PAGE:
Energy Source Based On Average Energy Mix For United States Consumer

In the United States, when we consider all fuel sources, the average CO2e from all energy sources is 0.40 kg per kWh. This is a 60% reduction in CO2e relative to coal. Carbon emissions of 0.4 kg/kWh (or 884.23 lbs/MWh) are based on data published by the United States Environmental Protection Agency showing total CO2 output emission rates in 2019 for the United States overall and by eGRID subregion. Using the average energy mix to analyze carbon emissions from FoodCycler use is a mid-case scenario that best represents our current circumstances.

100% Renewable or Zero-Carbon Energy Source

If the FoodCycler is powered exclusively by renewable energy resources like wind, hydro, or solar power or a zero-carbon energy source like nuclear energy, we’ve achieved a best-case scenario with respect to carbon emissions as none of these energy sources produce CO2e.

Waste Hauling Emissions

Regardless of energy source, we also should consider the emissions from waste hauling vehicles required to transport food waste from our homes to landfills or incinerators. While the actual emissions from these vehicles are hard to measure per unit of food waste, it’s worth noting that food waste is quite heavy.

The use of the FoodCycler eliminates waste hauling emissions if the Foodilizer is used at home. If the Foodilizer is thrown out, it still offers an 80-90% reduction in waste hauling volume and a significant decrease in the weight of the waste due to the drying and processing that occurs in the FoodCycler.

Net Carbon Emissions From The FoodCycler By Energy Source

As shown in the chart below, even in the worst-case scenario using the FoodCycler powered 100% by coal, we still achieve a net reduction in CO2e of 0.5 kg per FoodCycler processing cycle, after considering energy usage by the FoodCycler relative to reduced landfill emissions from food waste that doesn’t end up in the landfill. This net reduction does not include waste hauling transportation emissions, which is an additional relative benefit of the FoodCycler.

Chart of net CO2 emission reductions when using the Food Cycler with coal as the energy course, the US average energy mix as the energy source, and renewable or zero-carbon energy sources compared to sending food to the landfill.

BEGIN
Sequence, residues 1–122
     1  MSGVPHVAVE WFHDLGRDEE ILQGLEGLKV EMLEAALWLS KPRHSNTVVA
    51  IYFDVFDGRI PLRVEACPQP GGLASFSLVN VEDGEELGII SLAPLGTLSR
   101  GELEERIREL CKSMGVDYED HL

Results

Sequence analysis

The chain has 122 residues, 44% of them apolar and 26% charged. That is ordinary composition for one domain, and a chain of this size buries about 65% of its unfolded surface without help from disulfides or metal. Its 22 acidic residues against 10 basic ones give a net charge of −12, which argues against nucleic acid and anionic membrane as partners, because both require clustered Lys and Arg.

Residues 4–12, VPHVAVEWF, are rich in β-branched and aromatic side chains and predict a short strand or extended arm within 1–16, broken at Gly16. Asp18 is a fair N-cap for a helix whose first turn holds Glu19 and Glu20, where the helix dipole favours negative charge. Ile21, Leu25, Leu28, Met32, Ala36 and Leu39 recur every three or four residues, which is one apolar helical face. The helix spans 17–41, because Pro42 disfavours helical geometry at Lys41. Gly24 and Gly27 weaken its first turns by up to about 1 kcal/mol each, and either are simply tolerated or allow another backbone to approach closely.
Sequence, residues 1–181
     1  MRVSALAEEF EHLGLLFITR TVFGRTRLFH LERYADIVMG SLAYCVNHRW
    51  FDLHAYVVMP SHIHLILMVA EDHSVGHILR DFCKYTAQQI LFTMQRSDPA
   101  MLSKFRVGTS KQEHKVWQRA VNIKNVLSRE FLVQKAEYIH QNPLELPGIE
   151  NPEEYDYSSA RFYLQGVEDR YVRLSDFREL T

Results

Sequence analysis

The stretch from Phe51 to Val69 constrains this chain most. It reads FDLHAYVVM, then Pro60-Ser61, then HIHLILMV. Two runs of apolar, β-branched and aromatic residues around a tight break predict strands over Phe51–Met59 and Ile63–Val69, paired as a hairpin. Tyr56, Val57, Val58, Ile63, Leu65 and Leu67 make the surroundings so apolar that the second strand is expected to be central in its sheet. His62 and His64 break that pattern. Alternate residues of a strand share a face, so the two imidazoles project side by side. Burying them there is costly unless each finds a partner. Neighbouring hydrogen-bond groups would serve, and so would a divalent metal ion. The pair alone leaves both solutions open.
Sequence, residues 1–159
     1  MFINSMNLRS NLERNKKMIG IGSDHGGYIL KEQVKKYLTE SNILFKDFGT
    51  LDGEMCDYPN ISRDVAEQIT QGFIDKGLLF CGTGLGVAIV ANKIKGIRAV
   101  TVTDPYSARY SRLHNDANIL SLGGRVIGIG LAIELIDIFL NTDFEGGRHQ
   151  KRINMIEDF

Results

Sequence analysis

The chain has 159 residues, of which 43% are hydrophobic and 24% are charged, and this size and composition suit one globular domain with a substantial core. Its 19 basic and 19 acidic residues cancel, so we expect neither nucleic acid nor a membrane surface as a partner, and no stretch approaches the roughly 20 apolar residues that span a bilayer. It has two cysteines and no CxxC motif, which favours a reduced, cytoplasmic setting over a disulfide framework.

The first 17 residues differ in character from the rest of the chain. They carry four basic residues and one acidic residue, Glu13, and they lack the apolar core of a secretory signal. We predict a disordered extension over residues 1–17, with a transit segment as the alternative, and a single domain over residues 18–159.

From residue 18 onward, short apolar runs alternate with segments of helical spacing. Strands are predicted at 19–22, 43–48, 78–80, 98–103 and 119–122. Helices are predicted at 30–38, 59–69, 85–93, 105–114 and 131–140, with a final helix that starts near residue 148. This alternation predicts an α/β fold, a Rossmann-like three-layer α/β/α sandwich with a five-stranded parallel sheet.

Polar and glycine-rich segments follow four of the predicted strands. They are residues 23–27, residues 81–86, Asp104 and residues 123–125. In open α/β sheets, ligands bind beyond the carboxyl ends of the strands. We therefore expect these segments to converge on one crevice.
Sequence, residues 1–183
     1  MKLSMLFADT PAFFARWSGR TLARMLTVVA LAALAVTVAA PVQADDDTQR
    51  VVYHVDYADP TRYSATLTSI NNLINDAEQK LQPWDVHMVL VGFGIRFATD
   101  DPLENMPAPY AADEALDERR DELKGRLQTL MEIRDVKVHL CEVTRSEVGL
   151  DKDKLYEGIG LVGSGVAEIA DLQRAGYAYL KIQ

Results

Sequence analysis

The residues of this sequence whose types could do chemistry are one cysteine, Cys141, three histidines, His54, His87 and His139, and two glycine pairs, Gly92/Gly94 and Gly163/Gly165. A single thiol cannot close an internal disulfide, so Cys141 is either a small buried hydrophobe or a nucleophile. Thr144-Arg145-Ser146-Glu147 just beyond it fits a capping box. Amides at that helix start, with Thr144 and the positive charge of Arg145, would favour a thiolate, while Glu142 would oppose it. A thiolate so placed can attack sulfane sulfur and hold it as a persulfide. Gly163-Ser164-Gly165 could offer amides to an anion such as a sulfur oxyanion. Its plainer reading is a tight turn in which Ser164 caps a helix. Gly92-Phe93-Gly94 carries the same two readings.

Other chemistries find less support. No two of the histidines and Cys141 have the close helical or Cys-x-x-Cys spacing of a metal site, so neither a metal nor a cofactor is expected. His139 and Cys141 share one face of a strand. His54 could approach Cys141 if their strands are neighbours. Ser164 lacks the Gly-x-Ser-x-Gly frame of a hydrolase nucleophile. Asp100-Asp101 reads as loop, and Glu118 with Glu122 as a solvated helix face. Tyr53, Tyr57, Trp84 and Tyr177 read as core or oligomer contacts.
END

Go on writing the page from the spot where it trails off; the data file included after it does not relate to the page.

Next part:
As our energy sources continue to move toward more zero-carbon and renewable sources, the FoodCycler will capitalize on this shift in our energy resource mix and move closer to the renewable and zero-carbon best-case scenario estimated above.

Backyard Composting vs. Electric Composter

In the context of discussing carbon emissions from the FoodCycler and electric composters in general, it’s worth noting that backyard composting also releases some CO2e. Below (with the help of my friend Jess from Thoughtfully Sustainable), I created this diagram to show the very basic chemistry of sending food waste to the landfill instead of the compost bin.

Diagram of the the basic chemistry reaction of what happens to food scraps when they go to a landfill vs. go to a compost bin

Although landfill waste produces much more greenhouse gas emissions than backyard composting, a typical compost bin produces nutrients for the soil, water, and a bit of carbon dioxide. Composting is a rapid version of nature’s recycling system, so this carbon dioxide output is a product of the same process that happens when dried leaves fall to the forest floor and decompose over time to replenish the soil. In other words, it’s natural and it’s not a concern in our rush to reduce greenhouse gas emissions.

I mention it though for relative considerations and to add another angle of perspective about the minimal CO2e from FoodCycler processing cycles. According to FoodCycler, backyard composting produces more CO2 emissions per kilogram of food waste than the FoodCycler in certain circumstances. FoodCycler’s metric is based on the energy resource mix of Ontario, Canada, where 96% of electricity is generated using zero-carbon emitting sources, according to the Canada Energy Regulator Provincial and Territorial Energy Profile for Ontario. Ontario’s electricity comes 60% from nuclear, 26% from hydroelectricity, 7% from wind, and 2% from solar. The remainder is primarily from natural gas, with some biomass.